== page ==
This week, we look at an old show that has recently come up. It is a show I did in February of 2012 about innovation metrics. We'll discuss the core set of innovation metrics that every organization should use.
Before we get started, I want to address one thing: bad metrics. They are very prevalent and extremely popular in areas such as Wall Street and publicly traded companies. These metrics get defined by analysts who have never run any innovation efforts or businesses.
The most popular bad metric that Wall Street has is the percentage of revenue spent on RND. They try to rank organizations based on this metric. I have run tests and trials, collected data from public companies coached and mentored CEOs, and CIOs worldwide from various industries. This is a bogus metric that is not predictive of future success. If this metric was true, if I spent 50% of my RND revenue, I should be two times better than somebody who only spends 20% of their RND revenue. False. It varies by industry and company. I spent a lot of time trying to convince the board of directors at HP that this is a bogus metric and not useable.
When it comes to good metrics, I look at it from input, output, outcome, and impact. I spend the most time on input and impact. When it comes to innovation, the impact your innovation is making, and the input you are investing in is key.
Innovation Input Metrics
Let's look at what innovation input metrics you should consider having as part of your success measurement. The first one is the number of new ideas in the funnel. It would help if you kept the funnel full of ideas. This metric is about keeping your organization focused and continuously developing new ideas. At my current organization, we sit down twice a year and look at everything in the funnel. You want to find ideas that are reasonable for your organization.
The next metric is the acceptance/idea kill rate. Acceptance is the number of ideas that make it to the funding phase. You want that acceptance rate to be anywhere from 10-30%. The idea kill rate is when you decide to kill an idea rather than move it forward. At HP, we had a four-phase funnel to managing ideas and turning them into products. At each phase, there was about a 55% kill rate. We would start with ten, go to five, go to two or three, and finish with one. You need to look at your current acceptance and kill rate and set a target, possibly putting it into your Objectives and Key Results (OKRs).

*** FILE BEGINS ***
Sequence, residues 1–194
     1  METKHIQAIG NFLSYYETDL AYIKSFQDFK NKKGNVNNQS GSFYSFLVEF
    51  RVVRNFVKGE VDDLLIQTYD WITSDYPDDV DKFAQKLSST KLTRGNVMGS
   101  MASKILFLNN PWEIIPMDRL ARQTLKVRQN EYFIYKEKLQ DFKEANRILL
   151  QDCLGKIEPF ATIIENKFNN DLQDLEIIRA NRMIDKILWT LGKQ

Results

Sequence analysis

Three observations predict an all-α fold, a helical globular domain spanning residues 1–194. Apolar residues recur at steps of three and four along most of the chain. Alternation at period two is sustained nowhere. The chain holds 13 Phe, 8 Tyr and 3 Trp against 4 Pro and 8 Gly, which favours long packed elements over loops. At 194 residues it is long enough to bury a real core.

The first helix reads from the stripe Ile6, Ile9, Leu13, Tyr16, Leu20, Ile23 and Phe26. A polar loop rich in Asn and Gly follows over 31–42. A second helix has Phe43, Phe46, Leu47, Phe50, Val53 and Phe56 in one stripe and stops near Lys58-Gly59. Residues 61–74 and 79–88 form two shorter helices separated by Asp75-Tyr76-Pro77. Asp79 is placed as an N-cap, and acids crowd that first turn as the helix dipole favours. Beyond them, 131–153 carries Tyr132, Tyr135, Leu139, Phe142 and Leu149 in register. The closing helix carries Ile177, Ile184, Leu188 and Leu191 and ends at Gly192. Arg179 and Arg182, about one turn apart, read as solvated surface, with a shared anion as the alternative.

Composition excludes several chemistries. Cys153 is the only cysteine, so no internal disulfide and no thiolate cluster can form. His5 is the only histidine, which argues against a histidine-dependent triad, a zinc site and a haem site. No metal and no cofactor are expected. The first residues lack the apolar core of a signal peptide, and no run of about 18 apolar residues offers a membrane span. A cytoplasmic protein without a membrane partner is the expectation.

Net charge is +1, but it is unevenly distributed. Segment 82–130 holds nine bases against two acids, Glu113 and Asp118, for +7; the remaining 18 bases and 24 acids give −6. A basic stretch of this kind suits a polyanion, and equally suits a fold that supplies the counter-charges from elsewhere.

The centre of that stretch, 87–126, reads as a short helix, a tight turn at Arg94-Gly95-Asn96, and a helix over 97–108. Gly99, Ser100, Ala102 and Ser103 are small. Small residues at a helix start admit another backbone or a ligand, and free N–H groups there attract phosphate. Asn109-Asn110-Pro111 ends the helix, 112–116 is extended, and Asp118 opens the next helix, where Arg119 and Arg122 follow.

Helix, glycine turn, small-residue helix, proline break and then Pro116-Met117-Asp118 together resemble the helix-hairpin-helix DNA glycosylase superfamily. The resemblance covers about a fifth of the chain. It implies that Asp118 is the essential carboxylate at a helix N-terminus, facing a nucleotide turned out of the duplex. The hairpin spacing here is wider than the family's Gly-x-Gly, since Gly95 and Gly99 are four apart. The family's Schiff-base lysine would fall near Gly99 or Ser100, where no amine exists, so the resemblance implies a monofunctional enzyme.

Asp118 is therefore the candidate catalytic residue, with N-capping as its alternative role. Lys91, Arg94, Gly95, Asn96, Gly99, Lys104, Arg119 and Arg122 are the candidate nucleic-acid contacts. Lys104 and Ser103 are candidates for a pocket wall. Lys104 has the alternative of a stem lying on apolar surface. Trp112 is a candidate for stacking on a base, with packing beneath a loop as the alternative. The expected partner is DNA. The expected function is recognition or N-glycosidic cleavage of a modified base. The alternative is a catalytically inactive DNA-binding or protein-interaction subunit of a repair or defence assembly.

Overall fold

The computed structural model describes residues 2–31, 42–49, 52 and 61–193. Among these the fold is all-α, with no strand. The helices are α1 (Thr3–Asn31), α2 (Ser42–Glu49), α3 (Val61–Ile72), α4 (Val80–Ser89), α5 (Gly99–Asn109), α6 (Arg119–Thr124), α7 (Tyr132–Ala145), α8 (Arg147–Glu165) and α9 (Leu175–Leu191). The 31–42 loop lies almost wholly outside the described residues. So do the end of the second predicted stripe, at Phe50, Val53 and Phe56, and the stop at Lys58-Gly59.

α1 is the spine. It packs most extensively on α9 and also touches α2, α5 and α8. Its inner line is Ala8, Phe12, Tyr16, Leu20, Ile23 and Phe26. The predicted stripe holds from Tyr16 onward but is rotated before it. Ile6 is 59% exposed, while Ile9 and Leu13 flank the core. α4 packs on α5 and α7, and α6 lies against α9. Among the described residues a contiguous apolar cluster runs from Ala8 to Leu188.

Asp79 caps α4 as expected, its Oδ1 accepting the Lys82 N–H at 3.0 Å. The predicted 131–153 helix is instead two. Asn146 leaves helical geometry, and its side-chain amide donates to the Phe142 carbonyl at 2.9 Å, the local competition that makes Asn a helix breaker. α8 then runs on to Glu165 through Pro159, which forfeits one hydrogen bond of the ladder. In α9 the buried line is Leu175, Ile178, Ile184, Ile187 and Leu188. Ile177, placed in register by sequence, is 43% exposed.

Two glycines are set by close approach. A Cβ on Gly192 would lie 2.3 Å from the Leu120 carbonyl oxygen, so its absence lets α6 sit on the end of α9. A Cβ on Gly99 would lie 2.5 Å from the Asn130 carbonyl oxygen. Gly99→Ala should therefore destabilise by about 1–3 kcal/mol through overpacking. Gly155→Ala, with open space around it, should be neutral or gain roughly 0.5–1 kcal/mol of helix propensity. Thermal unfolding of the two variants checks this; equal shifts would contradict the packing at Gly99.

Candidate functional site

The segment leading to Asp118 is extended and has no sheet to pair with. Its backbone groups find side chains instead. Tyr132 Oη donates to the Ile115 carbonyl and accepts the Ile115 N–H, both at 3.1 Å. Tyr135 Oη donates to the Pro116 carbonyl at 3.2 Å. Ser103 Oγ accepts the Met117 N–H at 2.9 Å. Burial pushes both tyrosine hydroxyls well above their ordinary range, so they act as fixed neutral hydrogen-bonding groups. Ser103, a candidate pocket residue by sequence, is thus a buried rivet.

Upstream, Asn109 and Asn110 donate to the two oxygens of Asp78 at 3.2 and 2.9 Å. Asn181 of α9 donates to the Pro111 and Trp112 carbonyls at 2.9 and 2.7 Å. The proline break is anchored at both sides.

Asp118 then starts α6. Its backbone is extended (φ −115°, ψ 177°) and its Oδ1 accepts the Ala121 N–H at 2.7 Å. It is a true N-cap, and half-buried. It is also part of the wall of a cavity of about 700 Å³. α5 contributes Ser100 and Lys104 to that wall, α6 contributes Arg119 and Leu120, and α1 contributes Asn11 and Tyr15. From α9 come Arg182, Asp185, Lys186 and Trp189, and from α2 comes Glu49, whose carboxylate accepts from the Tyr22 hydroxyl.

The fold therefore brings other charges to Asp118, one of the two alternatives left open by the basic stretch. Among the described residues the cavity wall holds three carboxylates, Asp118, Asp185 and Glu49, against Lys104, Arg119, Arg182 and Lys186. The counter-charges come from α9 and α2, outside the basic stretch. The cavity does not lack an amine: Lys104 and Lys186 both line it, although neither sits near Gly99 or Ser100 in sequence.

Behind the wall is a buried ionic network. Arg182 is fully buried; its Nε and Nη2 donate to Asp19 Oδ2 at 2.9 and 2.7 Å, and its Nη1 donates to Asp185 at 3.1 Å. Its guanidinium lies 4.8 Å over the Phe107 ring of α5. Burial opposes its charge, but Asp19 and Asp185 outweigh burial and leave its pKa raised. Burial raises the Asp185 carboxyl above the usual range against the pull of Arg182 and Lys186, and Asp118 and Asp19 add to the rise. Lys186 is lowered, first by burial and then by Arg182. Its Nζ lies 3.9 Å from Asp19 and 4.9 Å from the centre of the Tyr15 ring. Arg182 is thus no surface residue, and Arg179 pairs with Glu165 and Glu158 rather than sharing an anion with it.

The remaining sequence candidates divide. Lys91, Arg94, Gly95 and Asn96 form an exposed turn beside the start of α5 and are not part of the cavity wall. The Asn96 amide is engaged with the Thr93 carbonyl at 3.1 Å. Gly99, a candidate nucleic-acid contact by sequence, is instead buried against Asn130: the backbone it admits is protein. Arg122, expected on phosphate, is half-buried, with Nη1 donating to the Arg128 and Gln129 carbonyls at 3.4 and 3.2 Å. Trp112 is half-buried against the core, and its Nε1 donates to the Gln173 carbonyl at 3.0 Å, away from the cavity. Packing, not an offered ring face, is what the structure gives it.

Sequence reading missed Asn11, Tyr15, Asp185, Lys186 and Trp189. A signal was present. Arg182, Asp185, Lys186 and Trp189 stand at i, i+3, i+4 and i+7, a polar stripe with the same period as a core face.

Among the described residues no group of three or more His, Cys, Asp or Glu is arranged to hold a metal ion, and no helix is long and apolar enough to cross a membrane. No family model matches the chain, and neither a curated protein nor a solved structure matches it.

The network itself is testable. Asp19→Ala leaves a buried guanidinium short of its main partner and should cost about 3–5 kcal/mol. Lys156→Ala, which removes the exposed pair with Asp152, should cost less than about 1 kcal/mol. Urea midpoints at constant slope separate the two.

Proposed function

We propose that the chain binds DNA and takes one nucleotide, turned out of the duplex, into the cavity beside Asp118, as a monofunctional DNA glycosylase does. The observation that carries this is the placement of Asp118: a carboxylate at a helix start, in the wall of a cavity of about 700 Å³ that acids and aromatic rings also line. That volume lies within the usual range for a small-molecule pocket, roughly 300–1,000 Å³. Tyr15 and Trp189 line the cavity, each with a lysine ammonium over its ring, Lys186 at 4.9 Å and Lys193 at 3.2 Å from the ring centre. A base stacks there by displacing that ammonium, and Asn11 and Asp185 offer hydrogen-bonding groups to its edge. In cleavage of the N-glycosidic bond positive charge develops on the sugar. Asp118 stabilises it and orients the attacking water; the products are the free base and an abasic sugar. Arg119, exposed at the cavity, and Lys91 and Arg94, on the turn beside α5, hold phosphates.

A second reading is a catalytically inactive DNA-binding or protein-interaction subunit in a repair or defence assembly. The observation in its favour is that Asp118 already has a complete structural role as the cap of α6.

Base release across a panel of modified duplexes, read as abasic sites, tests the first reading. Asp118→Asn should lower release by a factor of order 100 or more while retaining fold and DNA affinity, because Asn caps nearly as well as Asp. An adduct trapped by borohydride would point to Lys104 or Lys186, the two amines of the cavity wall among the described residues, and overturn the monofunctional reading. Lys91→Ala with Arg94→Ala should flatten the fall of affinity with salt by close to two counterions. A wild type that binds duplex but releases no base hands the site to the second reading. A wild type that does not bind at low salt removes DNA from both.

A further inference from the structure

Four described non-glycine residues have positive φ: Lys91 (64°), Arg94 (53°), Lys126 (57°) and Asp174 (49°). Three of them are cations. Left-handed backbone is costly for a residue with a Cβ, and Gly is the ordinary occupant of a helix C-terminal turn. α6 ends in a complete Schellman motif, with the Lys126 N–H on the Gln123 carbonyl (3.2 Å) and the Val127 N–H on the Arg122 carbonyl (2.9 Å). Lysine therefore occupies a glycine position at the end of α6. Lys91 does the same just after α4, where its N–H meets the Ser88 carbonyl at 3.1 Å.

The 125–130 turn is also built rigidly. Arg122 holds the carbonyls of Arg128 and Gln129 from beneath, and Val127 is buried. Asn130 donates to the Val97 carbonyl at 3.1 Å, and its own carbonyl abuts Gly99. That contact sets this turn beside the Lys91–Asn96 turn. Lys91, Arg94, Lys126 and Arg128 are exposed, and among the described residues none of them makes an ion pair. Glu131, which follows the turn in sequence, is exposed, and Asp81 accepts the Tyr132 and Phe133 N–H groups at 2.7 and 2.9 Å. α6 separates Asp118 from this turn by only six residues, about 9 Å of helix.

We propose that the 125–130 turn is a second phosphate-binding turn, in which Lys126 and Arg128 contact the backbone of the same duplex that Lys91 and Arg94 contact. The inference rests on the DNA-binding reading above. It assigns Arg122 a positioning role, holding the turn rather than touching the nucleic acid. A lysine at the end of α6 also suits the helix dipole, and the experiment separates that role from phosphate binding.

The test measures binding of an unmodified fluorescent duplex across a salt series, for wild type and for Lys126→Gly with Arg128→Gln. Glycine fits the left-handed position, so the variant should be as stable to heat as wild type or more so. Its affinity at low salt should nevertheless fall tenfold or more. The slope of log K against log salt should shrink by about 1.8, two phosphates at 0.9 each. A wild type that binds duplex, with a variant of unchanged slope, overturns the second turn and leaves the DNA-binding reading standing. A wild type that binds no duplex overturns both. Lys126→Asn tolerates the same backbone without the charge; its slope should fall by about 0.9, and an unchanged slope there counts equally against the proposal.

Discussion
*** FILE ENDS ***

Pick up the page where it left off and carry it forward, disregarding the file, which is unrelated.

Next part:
The third metric is a balanced investment. This metric is how you will use your innovation spend to influence your organization. This metric has products and services across the bottom, and vertical is your customers and markets you serve. 70% of the innovation spend should be in the core. The 20% should be in new products to existing customers and existing products to new customers. And lastly, 10% in new customers, new markets, new technologies, etc.
Innovation Impact Metrics
The first one is the 3M metric, which is the percentage of revenue from new products. 3M has an innovation metric they have tracked for decades. The metric is what percentage of their revenue that comes from products produced within the last three years. The revenue percentage forces them to come up with new ideas constantly.
The second metric is the quality of your patents, which differs from the number of patents. When I first went to HP, Carly Fiorina was the CEO. She pushed us hard to ramp up the number of patents. Organizations get ranked based on how many awarded patents. She wanted HP to have as many patents as possible to get on the list. I argued that having a large number of patents does not add to your innovation value.
We eventually shifted the focus at HP to the quality of patents. Measured through the Chi Index, look at all your patents. Then look across your industry at other patents that referenced them. The more times your patent gets referenced, the more value it has.
The third metric is the innovation impact on gross margin. I got HP to replace the RND metric's revenue with this, which is the gross margin impact for every dollar spent on RND. Very important, because if you do good innovation on products, your customers will reward you with a margin premium.
Today we talked about the six-innovation metrics every organization should use. The input metrics are the number of new ideas in the funnel, the acceptance and the kill rate, and balanced innovation investment (70, 20 10). The impact metrics are the percentage of revenue from new products (3M metric), quality of the patents (quality over quantity), and innovation impact on gross margin. Look at these six-innovation metrics and figure out how you can apply them to your organization.
If you want to learn more about metrics and apply them to your organization, check out the Disruptive Ideation Workshops, now done virtually.
If you are interested in learning more about the innovation metrics or want information from previous shows, check out all the free downloadable material I put together here.
To know more about Innovation Metrics (KPIs), listen to this week's show: 6 Innovation Metrics (KPIs) Every Organization Should Use.